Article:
Setup was extremely simple (thanks to Dane telling me how to cut and paste their very straightforward install instructions; not that he noticed I was installing everything to /tmp). After some much needed sleep and attempt #2 here on the plane, you can now go to the Amazon AWS console and load up ami-56ae563f, or search for tilemill, and you're done. Just wait for the instance to start up, and TileMill should be running on port 80 (if you want to get to the tilemill console, ssh in with the keypair you associated with the instance, and type in:
sudo su screen -r tilemill
Well it's been a while, so just a quick note: Since the last post, I started working full time for Google. And with that out of the way, here's a post on how and why I made shpescape.com, which lets you upload shapefiles to Google Fusion Tables.
Why shpescape?Google Fusion tables makes it easy to import and visualize data from spreadsheets and KML, and while it has increasingly robust spatial support it does not currently let you upload shapefiles directly. And since shapefiles are still incredibly common in the wild, I thought I'd make a quick tool to let people upload shapefiles to Fusion Tables.
Which platform?I thought I'd try Google App Engine to avoid any hosting costs (given this will likely not be an extremely popular website), but while there's a decent shapefile reader or two for python, there's not a lot of support for things like reprojecting and other geometry manipulation without additional c++ libraries that App Engine won't run. So I just went for a simple GeoDjango app.
AuthenticationI used my colleague Kathryn's Fusion Tables python client to handle the authentication (OAuth). And I decided against having OpenID in the mix as well for actually associating an account with various uploads. The downside is that you can't log in and view your previous uploads. But you can always go to the main Fusion Tables page to see all your tables, and the upside was one less thing for me to consider (for example, if you are logged in with multiple accounts in the same browser, OAuth does not return which account gave permissions for). [Edit: It turns out you can actually request the email address of an authorized user using the scope noted at http://sites.google.com/site/oauthgoog/Home/emaildisplayscope]
Handling a Shapefile UploadI used a simple fork of Dane Springmeyer's django-shapes app to handle the shapefile import. The customizations let users upload a zipfile that has a shapefile in a subfolder, and/or multiple shapefiles in a single zip. I had never really noticed shapefiles being zipped up this way, and it really surprised me how common these scenarios are with shapefiles from various US counties and other agencies -- my first 3 test users all had their uploads fail until I added this. After the upload is verified as valid, it creates a shapeUpload object, which is processed separately so the end user can view a reloading page with updated status.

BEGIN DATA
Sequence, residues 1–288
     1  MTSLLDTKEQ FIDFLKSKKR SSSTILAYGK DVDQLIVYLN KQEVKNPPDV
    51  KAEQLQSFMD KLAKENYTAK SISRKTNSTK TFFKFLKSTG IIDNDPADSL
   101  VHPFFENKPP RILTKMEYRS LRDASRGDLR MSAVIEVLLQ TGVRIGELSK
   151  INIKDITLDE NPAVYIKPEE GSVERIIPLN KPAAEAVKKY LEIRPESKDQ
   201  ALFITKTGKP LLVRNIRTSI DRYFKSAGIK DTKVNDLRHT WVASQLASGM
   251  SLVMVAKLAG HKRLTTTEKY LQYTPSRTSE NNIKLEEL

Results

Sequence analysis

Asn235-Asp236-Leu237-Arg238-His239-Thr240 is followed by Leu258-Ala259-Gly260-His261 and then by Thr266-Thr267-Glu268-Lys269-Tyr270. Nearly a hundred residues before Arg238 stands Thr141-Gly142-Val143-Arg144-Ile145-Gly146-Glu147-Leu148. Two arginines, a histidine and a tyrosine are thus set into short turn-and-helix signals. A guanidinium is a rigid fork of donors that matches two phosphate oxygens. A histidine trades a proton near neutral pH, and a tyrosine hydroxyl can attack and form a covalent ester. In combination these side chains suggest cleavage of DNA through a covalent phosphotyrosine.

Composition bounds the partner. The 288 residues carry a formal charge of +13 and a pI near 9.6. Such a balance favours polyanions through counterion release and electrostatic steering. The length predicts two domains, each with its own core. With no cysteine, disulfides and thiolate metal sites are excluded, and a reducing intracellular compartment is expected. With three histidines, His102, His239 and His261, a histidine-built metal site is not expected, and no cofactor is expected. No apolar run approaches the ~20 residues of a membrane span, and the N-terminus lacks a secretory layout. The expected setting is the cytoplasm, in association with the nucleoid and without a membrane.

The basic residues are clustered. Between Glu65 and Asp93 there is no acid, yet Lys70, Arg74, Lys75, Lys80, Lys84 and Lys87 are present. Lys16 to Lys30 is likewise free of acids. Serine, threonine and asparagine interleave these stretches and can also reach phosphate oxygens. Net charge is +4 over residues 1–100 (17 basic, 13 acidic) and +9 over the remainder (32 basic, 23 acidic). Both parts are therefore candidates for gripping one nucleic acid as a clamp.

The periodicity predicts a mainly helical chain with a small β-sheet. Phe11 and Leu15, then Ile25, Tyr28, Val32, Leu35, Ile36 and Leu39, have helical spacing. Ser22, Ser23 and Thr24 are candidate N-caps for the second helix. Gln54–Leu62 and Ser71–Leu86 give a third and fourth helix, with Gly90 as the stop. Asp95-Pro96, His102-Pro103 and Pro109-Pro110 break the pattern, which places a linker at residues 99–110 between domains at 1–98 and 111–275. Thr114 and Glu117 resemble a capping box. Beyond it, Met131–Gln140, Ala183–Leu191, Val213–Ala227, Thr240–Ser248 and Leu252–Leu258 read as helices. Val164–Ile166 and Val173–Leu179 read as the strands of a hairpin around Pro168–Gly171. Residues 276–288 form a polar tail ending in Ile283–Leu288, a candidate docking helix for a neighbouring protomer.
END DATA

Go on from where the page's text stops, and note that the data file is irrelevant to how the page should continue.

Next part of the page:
Processing the UploadMy initial attempt was pretty straightforward:
- Attempt to get the projection of the shapefile (from the .prj)
- For each feature, get it's KML and attributes
- Upload 'em to Fusion Tables, ensuring a max of a few hundred, or <1MB, at a time (the API can handle at most 500 rows and 1MB per POST)
Additional FeaturesNext up, I started adding a few extra bits, which led to an import method begging for a refactor.
- Simplification for KML over 1M characters long (which is the max characters allowed by Fusion Tables per cell)
- Process/Upload 10k rows at a time (so we don't use too much memory for very large shapefiles)
- Added numeric styling columns for string fields that don't have too many unique values (Fusion Tables only allows robust styling like gradients and buckets on numeric fields)
- Allow users to specify some additional geometry columns:
- Simplified Geometry
- Centroid (only works for polygon shapefiles)
- Buffered Centroid (so you can apply the more robust polygon styling rules on the 'centroid')
Finishing upThis whole project was a pretty quick attempt at what I hope is a useful solution to a common problem, so any comments on how to make it better are appreciated. And if you want to see how it all works in more detail, I also open sourced the code. Enjoy!
Last night at the San Francisco Ocean Film Festival Google launched the Oceans Showcase, which is the second contract I've had the opportunity to work on with them. The showcase is a set of Google Earth based Tours for playing in a webpage (plugin required) or via download.
The Ocean Film Festival is going on until Sunday, and has a really interesting lineup - check it out if you're in the Bay Area. Either way, take a peek at some of the Tours: There's some really amazing content available for the Oceans layer in Google Earth that I was totally unaware of before looking more closely.